Women’s and Men’s Health
Breast cancer is not just a disease that strikes at women. It strikes at the very heart of who we are as women: how others perceive us, how we perceive ourselves, how we live, work, and raise our families—or whether we do these things at all.
–Debbie Wasserman Schultz
This sentiment that Schultz expressed is true for many disorders associated with women’s and men’s health such as hormone deficiencies, cancers, and other functional and structural abnormalities. Disorders such as these not only result in physiological consequences but also psychological consequences such as embarrassment, guilt, or profound disappointment for patients. For these reasons, the provider-patient relationship must be carefully managed. During evaluations, patients must feel comfortable answering questions so that you, as a key health-care provider, will be able to diagnose and recommend appropriate treatment options. Advanced practice nurses must be able to educate patients on these disorders and help relieve associated stigmas and concerns.
This week, as you examine women’s and men’s health issues, you focus on treatments for hormone deficiencies and cancer. You also explore preventive services for women’s and men’s health.
By the end of this week, students will:
Evaluate the strengths and limitations of hormone replacement therapy
Evaluate treatments for hormone deficiencies
Analyze preventive services for women’s and men’s health
Analyze drug treatments for cancer patients
Evaluate implications of cancer drug treatments on patients
Understand and apply key terms, concepts, and principles related to prescribing drugs to treat disorders associated with women’s and men’s health
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This page contains the Learning Resources for this week. Be sure to scroll down the page to see all of this week’s assigned Learning Resources. To access select media resources, please use the media player below.
Note: To access this week’s required library resources, please click on the link to the Course Readings List, found in the Course Materials section of your Syllabus.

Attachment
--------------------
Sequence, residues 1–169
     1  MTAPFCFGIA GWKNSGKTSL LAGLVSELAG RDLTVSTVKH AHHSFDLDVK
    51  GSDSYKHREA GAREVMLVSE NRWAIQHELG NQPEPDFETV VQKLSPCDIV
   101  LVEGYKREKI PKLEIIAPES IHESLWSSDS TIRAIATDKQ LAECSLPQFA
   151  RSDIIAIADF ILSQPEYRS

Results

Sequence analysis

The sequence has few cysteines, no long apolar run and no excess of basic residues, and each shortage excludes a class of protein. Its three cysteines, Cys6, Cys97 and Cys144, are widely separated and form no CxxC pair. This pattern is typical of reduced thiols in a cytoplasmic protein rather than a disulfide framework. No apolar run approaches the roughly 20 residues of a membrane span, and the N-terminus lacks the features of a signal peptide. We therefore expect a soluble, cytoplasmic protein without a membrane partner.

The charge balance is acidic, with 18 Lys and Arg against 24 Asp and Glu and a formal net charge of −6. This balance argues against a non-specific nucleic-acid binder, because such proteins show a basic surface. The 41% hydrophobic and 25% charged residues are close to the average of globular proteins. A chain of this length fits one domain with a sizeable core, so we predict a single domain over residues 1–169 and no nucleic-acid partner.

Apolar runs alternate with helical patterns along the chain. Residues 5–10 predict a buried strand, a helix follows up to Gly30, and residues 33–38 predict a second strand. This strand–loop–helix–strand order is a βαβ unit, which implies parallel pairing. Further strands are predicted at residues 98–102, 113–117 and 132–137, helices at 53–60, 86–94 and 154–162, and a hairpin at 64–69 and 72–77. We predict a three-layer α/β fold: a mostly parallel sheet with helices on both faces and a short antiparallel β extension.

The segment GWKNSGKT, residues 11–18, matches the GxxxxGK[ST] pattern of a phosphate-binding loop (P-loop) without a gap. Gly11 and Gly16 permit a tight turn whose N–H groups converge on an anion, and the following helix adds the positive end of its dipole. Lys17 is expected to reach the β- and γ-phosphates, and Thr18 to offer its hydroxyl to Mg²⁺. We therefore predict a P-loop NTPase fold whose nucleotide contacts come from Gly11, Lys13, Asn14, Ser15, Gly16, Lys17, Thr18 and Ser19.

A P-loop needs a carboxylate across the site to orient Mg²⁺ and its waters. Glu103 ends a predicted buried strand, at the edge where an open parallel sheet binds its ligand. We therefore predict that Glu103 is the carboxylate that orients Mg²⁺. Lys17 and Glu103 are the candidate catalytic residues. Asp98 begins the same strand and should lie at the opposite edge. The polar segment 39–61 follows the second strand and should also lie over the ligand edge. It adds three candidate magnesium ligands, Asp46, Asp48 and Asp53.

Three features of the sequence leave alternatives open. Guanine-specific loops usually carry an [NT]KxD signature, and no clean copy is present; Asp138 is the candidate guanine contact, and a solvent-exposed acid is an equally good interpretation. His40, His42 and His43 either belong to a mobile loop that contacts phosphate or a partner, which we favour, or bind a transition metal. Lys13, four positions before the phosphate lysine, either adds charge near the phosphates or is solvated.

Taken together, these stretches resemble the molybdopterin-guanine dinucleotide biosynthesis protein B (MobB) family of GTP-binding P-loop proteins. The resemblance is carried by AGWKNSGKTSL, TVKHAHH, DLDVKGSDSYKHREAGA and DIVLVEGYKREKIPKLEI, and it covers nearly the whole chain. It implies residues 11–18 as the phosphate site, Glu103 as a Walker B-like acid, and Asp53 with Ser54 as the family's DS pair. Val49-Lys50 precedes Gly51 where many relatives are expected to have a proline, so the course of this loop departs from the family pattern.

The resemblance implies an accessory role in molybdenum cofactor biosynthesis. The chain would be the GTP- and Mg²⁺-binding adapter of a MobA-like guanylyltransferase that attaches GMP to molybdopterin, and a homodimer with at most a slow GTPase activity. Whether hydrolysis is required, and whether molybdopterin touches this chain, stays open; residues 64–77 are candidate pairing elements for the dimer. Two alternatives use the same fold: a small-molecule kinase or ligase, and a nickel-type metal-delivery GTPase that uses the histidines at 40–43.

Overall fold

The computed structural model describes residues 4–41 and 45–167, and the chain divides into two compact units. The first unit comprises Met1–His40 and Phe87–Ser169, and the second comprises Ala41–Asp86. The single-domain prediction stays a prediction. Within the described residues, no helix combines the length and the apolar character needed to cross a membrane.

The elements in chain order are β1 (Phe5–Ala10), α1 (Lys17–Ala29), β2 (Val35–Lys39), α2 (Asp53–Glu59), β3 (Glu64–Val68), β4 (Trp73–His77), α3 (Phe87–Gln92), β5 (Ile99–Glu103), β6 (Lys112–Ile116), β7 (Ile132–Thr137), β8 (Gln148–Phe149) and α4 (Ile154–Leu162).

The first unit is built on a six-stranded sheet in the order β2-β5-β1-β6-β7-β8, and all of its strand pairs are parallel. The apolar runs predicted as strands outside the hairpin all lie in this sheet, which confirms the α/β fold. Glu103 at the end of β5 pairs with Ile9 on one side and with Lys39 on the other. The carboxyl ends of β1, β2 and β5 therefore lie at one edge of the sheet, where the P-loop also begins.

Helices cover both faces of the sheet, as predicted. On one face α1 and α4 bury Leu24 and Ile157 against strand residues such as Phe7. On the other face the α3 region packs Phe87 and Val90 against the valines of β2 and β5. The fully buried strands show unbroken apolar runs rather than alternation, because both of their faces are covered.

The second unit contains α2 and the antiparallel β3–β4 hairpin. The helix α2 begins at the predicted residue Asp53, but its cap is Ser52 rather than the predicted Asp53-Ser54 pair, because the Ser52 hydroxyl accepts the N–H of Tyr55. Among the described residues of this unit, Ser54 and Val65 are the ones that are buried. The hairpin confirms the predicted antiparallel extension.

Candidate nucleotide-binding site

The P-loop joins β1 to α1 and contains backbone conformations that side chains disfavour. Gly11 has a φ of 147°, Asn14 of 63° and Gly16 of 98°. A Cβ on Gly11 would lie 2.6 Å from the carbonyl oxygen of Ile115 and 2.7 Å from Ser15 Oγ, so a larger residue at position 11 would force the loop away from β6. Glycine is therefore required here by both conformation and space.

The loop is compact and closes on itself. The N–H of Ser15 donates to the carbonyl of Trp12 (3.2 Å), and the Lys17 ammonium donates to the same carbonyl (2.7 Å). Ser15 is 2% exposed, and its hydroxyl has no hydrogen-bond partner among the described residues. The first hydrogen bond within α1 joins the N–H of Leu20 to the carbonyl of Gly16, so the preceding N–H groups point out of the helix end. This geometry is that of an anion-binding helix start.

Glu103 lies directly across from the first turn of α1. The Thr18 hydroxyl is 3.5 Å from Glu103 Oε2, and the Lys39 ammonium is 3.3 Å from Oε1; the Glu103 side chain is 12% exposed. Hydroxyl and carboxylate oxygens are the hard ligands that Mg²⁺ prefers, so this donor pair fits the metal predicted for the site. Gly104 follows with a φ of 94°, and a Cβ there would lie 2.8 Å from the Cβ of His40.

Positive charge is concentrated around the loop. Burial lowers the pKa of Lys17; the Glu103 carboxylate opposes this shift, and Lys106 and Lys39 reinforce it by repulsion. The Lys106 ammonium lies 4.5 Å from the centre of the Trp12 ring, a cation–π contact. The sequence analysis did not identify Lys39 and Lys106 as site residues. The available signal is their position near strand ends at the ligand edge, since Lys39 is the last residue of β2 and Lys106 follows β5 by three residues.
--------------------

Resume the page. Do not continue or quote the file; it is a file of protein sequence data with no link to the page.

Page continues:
Arcangelo, V. P., & Peterson, A. M. (Eds.). (2013). Pharmacotherapeutics for advanced practice: A practical approach (3rd ed.). Ambler, PA: Lippincott Williams & Wilkins.
Chapter 33, “Prostatic Disorders and Erectile Dysfunction” (pp. 481–495)
This chapter examines the causes, pathophysiology, and drug treatment of four disorders: prostatitis, benign prostatic hyperplasia, prostate cancer, and erectile dysfunction. It also explores the importance of monitoring patient response and patient education.
Chapter 34, “Overactive Bladder” (pp. 496–511)
This chapter describes the causes, pathophysiology, diagnostic criteria, and evaluation of overactive bladder. It also outlines the process of initiating, administering, and managing drug treatment for this disorder.
Chapter 55, “Contraception” (pp. 874–883)
This chapter examines various methods of contraception and covers drug interactions, selecting the most appropriate agent, and monitoring patient response to contraceptions.
Chapter 56, “Menopause and Menopausal Hormone Therapy” (pp. 884–895)
This chapter presents various options for menopausal hormone therapy and examines the strengths and limitations of each form of therapy.
Chapter 57, “Osteoporosis” (pp. 896–903)
This chapter covers various options for treating osteoporosis. It also describes proper dosages, potential adverse reactions, and special considerations of each drug.
Chapter 58, “Vaginitis” (pp. 904–915)
This chapter examines various causes of vaginitis and explores the diagnostic criteria and methods of treatment for the disorder.
Holloway, D. (2010). Clinical update on hormone replacement therapy. British Journal of Nursing, 19(8), 496–504
Note: Retrieved from the Walden Library databases.
This article examines the purpose, components, and administration of hormone replacement therapy (HRT). It also presents benefits, risks, potential side effects, and alternative treatment options of HRT.
Mäkinen, J. I., & Huhtaniemi, I. (2011). Androgen replacement therapy in late-onset hypogonadism: Current concepts and controversies—A mini-review. Gerontology, 57(3), 193–202.
Note: Retrieved from the Walden Library databases.
This article examines the role of testosterone levels in the development of hypogonadism. It also explores health issues that are impacted by testosterone levels and the role of testosterone replacement therapy.
Drugs.com. (2012). Retrieved from http://www.drugs.com/
This website presents a comprehensive review of prescription and over-the-counter drugs including information on common uses and potential side effects. It also provides updates relating to new drugs on the market, support from health professionals, and a drug-drug interactions checker.